Editor's Note: We're rolling out 10 Days of Indie Merchant Gifts, in our annual celebration of the artists, craftspeople, designers and other independent merchants who make one-of-a-kind products. See yesterday's list of gifts for pets.
In choosing our top picks (all priced under $50), we gave a lot of weight to the stories behind the products. After all, the story is how independent merchants can stand out from the mass-produced big guys. How often, when shopping in a big-box store, do you hear how an artist was inspired to create a pair of pretty earrings, or a dangly necklace? Probably never. So we factored in our merchants' tale of inspiration, plus we chose items for their uniqueness and value.Or view as a single page View As Slideshow
Product: Planet Mars stud earrings
While shopping, Brittany Bevelle of Gulfport, Miss., who graduated in 2011 from the University of Alabama with a degree in computer science, had trouble finding "high-quality accessories for geeky girls." Unfortunately, "there is a huge market full of stereotypical clothing and accessories about video games and computing hardware," she says, but most lack "real scientic substance." So she decided to take matters into her own hands and -- inspired by pictures from NASA's Hubble Telescope -- decided to create these "Planet Mars" stud earrings. "Just in case you didn't know, space is so awesome," she says. These accessories are "perfect for anyone (especially any girl) who wants to proudly say their earrings are from Mars," she says.
Editors' comment: These earrings, which capture the Red Planet's dynamic surface, have a subtle, other-wordly sort of glow. Plus we like a gift that might inspire young ladies to study science.
Product: Morse Code bracelet
Amanda Landesberg of Sarasota, Fla., says her Morse Code bracelets "combine my love of words and my love of jewelry" and the result is "a sparkly bracelet with soul." The bracelet pictured here uses smokey quartz (a semi-precious stone) and hand-dyed purple silk to spell out the word “wish” in Morse Code. The sterling silver charm is also hand-stamped with the word “wish." Landesberg adds: "I don't believe in having many things, but I strongly believe in loving the things you have."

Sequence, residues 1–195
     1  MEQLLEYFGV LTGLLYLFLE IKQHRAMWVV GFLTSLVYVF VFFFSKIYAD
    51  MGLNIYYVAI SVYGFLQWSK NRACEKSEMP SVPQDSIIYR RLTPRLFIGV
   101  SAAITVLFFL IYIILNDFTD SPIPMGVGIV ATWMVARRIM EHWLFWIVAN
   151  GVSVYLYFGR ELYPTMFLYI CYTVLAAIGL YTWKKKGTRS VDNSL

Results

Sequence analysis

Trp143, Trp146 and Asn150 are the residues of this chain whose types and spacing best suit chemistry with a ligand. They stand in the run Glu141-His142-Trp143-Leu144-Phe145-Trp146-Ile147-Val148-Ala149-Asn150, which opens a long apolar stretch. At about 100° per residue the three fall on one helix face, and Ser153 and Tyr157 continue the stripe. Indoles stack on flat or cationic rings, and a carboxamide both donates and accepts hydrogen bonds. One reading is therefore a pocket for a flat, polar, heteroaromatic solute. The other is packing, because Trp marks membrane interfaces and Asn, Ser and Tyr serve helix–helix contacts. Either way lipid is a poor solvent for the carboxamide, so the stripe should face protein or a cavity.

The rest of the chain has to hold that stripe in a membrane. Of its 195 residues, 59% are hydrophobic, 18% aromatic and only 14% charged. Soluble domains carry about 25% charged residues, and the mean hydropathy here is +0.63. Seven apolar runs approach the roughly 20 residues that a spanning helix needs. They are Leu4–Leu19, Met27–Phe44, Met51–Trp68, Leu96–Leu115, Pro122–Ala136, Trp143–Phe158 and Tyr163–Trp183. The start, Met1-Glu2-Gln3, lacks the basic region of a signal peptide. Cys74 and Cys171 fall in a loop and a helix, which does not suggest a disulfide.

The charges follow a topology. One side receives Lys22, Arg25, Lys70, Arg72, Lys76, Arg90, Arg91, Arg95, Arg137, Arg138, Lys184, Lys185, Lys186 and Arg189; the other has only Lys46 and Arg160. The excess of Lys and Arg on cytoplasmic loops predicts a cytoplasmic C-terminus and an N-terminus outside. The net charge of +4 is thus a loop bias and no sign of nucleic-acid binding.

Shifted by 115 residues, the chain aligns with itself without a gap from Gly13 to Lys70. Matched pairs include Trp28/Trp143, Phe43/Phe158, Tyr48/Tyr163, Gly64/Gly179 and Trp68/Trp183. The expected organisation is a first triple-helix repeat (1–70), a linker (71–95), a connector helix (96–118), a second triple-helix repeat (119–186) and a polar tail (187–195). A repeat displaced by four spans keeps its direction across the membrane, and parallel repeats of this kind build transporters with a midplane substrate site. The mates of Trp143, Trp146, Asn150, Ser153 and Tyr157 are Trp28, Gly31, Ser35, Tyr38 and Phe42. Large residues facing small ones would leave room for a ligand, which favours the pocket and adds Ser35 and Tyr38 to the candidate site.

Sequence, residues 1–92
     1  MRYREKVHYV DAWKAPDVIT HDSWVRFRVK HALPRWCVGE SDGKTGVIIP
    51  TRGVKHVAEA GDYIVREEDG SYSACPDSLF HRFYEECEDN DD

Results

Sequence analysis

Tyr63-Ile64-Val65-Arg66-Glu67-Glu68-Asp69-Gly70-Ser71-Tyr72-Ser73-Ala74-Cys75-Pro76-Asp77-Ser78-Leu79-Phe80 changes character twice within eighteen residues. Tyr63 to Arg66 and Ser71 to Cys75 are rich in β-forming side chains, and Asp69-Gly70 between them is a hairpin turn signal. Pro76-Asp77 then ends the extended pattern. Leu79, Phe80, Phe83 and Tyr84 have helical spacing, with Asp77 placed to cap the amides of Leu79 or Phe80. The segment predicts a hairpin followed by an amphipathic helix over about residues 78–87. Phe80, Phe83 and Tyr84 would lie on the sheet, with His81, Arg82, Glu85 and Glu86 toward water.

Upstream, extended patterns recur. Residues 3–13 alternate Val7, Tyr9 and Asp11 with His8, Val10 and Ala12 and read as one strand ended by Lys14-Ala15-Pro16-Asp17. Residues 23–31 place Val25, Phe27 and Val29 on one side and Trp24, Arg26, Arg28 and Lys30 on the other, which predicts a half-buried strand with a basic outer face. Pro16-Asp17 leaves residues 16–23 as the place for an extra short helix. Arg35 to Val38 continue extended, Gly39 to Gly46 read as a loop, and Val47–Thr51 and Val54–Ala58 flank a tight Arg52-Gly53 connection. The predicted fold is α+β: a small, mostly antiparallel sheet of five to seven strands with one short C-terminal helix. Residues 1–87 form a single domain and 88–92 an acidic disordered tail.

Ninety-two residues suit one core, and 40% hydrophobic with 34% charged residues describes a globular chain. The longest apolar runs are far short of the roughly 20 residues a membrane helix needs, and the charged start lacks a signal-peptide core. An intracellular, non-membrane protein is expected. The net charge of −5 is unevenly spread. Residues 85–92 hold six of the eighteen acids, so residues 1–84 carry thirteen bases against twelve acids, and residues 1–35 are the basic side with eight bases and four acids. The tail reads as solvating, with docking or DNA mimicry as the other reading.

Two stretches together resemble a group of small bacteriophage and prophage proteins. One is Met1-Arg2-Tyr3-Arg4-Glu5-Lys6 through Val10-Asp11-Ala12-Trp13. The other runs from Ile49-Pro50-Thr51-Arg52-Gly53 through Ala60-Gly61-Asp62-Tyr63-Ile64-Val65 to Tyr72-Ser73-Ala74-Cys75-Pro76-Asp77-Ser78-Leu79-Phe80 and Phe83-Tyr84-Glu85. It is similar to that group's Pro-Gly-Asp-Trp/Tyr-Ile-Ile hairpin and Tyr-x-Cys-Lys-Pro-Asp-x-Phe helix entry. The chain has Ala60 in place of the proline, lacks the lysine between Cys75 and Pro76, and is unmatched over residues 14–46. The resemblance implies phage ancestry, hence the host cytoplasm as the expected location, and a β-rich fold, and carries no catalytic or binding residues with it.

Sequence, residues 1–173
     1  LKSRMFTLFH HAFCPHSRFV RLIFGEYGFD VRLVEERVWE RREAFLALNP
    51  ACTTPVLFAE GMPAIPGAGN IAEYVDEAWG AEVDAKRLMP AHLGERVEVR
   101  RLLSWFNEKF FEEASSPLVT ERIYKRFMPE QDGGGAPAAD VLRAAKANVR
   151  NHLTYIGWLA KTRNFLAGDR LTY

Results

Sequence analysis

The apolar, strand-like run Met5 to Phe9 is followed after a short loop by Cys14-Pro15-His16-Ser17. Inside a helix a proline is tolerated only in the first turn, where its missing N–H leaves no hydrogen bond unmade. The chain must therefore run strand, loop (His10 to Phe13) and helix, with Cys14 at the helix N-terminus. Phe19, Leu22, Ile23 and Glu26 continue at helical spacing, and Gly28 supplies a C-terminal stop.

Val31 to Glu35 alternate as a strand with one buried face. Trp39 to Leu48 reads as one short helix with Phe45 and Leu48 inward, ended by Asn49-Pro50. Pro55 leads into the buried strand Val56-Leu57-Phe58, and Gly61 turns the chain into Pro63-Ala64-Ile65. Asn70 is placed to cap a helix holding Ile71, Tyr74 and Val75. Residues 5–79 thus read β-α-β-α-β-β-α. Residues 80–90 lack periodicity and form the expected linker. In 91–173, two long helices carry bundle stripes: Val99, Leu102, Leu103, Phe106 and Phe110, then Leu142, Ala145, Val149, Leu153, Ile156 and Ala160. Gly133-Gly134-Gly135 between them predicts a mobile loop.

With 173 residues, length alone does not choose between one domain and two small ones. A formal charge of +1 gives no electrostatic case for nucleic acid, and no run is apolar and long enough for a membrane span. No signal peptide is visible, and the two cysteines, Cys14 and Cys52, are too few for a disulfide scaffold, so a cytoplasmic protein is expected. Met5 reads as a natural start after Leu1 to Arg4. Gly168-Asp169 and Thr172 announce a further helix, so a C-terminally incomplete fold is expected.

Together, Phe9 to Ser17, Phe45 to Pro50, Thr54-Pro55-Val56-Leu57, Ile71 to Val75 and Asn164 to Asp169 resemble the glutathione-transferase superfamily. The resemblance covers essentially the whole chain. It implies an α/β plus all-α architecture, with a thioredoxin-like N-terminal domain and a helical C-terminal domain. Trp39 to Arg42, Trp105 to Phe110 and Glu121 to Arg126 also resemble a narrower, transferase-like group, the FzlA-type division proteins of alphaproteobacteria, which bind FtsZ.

Editors' comment: We have a soft spot for geeky yet beautiful things. So a sparkly bracelet that sends a message in Morse Code? One word: dash dot dash dash - dot - dot dot dot (YES).
Product: Origin "Purpose" bracelet
Paul Gloyer and his teenage daughter began making and selling bracelets at shows after being displaced form Hurricane Katrina. "It was something we enjoyed doing together," he says. As the business grew, his daughter was inspired to create the Origin bracelet, a light and stretchy piece that slips right over the wrist with no clasps to snag or break. Customers love that they can run, hike and surf with them on, he says. The bracelet, made from anodized aluminum and latex-free rubber, can be personalized with a charm. It's "designed to not only appeal to active women, but also empower them to pursue their passions," he says, and a portion of proceeds is donated to the National Women’s Health Network.
Editors' comment: In a category dominated by female merchants, we gave Gloyer props for being a dad who designs. We liked the bracelet's durability, and the fact that it's geared toward active women.
Product: 1940s vintage African coin "Mabel" earrings
Meah Tweh of Detroit has dubbed these earrings "Mabel" after her enterprising paternal grandmother, who, despite club feet, trekked into the African bush in the 1940s to find flowers and herbs to adorn the handcrafted clay pots she sold. "These earrings embody the entrepreneurial spirit of my grandmother, and all others that delve into their creativity, pouring out their crafts to the world out of the need to create, regardless of the monetary gain," she says. The made-to-order earrings feature vintage copper-nickel coins with a Star of David on one side and Arabic text on the other, which were circulated in West African territories. "Imagine how far and wide these coins were traded," she says.